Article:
Chapter 6: Opportunism, Trust and Knowledge: The Management of Firm Value and the Value of Firm Management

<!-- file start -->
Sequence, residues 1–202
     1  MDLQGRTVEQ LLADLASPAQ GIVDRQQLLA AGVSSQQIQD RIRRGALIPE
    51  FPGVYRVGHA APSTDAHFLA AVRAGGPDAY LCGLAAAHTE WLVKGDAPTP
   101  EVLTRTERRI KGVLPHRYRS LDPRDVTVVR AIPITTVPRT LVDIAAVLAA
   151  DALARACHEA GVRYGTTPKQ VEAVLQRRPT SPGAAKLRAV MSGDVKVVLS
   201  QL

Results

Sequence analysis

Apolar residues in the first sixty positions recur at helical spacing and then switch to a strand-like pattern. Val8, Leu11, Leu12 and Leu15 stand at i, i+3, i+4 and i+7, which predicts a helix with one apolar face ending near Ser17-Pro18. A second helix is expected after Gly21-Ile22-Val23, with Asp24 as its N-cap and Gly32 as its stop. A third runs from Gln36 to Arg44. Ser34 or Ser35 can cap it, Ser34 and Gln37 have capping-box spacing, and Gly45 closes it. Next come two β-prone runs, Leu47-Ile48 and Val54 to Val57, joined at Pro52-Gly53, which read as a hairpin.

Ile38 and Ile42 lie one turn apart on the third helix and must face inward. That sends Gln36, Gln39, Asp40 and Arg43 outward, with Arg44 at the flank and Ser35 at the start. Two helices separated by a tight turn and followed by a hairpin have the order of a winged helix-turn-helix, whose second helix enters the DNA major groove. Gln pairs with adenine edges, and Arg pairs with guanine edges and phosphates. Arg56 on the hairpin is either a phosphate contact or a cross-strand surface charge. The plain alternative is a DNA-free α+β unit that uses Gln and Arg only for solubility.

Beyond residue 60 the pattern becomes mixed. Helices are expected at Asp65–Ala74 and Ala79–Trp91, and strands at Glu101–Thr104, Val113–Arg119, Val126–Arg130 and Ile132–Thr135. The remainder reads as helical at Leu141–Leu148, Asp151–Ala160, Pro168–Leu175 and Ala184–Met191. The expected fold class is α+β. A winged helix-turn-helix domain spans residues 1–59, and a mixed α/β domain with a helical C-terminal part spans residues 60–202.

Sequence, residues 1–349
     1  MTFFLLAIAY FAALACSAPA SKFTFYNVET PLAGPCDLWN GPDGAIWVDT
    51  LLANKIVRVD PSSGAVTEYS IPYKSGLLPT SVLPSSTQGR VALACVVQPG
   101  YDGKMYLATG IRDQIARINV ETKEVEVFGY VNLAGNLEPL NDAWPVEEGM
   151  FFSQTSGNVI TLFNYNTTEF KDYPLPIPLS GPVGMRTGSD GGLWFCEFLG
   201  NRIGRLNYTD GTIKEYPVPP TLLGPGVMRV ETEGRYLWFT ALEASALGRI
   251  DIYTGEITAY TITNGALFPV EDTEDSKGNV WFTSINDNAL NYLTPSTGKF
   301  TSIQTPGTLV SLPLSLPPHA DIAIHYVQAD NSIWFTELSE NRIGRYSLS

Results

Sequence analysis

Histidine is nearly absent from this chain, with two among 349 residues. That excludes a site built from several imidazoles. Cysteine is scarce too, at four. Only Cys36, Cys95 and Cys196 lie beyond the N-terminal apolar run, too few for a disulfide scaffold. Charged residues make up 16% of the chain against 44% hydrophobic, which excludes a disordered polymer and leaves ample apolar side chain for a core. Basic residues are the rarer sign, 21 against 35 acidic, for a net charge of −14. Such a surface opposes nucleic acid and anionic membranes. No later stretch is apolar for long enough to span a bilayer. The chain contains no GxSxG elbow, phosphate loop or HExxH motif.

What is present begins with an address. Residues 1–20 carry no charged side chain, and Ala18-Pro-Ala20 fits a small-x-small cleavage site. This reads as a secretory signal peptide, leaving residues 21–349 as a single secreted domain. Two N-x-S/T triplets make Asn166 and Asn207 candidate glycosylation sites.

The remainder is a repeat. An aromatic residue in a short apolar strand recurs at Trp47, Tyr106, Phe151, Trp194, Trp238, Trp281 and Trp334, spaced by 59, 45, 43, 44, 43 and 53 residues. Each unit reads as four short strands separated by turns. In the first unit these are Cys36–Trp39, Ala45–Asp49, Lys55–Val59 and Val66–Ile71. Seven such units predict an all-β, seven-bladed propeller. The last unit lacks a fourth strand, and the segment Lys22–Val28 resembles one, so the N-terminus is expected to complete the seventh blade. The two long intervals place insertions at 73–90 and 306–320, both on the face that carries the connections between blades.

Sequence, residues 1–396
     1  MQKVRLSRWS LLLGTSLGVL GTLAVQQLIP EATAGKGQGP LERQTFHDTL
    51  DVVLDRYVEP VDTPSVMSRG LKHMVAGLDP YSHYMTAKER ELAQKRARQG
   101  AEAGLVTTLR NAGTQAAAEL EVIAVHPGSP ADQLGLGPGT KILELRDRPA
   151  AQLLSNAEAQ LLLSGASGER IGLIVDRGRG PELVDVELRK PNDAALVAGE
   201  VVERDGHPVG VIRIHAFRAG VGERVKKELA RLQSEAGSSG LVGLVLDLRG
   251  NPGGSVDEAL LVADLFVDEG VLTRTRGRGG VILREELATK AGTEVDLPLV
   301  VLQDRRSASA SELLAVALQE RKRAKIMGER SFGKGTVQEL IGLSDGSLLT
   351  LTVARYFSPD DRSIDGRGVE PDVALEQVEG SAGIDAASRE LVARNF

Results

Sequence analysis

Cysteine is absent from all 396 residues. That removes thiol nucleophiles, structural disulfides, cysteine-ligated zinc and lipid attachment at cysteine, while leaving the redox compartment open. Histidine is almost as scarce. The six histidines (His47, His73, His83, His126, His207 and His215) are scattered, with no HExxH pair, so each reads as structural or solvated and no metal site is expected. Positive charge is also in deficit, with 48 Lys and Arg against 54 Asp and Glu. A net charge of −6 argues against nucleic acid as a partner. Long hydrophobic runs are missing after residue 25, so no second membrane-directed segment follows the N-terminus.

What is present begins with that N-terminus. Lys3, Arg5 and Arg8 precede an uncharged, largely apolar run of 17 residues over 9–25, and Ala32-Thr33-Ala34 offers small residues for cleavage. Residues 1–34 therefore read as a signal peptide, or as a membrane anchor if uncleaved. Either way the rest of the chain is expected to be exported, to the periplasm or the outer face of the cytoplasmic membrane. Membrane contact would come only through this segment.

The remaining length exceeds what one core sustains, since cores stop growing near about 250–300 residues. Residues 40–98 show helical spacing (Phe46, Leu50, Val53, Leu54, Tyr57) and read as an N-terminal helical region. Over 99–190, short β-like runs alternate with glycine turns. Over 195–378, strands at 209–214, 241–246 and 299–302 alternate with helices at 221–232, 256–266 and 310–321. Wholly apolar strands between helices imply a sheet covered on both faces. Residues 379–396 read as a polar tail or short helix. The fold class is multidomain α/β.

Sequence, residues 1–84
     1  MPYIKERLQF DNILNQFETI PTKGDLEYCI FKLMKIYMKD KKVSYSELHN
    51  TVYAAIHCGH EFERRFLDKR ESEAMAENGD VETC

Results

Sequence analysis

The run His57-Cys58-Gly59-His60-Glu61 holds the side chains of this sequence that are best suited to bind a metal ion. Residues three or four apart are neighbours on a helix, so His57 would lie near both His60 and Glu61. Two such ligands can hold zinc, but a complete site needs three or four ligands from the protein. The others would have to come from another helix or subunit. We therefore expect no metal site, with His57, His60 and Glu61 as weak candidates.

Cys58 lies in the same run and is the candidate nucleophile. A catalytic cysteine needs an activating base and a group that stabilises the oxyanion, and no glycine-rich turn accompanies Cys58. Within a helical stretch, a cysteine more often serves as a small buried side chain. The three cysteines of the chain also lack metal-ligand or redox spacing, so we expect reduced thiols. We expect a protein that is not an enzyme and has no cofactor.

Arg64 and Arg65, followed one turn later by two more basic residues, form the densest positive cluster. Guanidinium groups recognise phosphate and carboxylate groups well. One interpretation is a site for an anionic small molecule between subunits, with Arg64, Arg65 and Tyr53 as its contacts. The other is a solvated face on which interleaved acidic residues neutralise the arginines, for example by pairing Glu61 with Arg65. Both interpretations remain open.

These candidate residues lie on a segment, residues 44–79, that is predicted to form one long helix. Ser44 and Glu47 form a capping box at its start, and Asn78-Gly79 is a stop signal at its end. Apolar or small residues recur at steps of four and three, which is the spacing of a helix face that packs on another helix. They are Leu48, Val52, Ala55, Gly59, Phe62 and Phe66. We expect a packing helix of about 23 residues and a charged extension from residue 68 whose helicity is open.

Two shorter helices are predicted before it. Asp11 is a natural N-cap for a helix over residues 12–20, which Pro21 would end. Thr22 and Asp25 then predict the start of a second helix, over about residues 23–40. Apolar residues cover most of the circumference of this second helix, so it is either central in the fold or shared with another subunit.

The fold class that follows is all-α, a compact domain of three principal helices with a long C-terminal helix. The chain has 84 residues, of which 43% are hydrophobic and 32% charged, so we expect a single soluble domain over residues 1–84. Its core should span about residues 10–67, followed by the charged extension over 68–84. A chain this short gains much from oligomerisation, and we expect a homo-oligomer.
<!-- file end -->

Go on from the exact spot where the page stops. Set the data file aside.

6 Opportunism, trust and knowledge: the management of ﬁrm value and the value of ﬁrm management Anoop Madhok 1. Introduction In their analysis of ﬁrms, economic scholars interested in the theory of the ﬁrm have been concerned primarily with costs. Even for economists of organization (e.g. Coase 1937; Williamson 1985; Alchian and Demsetz 1972) who depart from the assumptions of neoclassical theory and are more interested in the nature of the ﬁrm itself, rather than the representation of the ﬁrm as a production function, the central issue is still costs (for instance transaction costs, agency costs, contracting costs), all such costs stemming in one way or another from the supposed self-interested nature of the human condition. This concern with costs has prompted prominent scholars such as Rumelt et al. (1994: 41) to remark: There are several concerns about the role of senior management . . . Why are they needed and what do they do? All theory available suggests that they add costs without corresponding value. Yet they persist, and though we know much about their activities, which are typically strategic in character, we do not know much about the value they create. The concern expressed in the quote above calls attention to two key issues. First, much of earlier theory seeking to understand the behavior of ﬁrms and the role of management has tended to restrictively focus on the cost dimension. Second, and as a consequence of the ﬁrst, although the value-creating role of managers is of immense strategic importance, this dimension...
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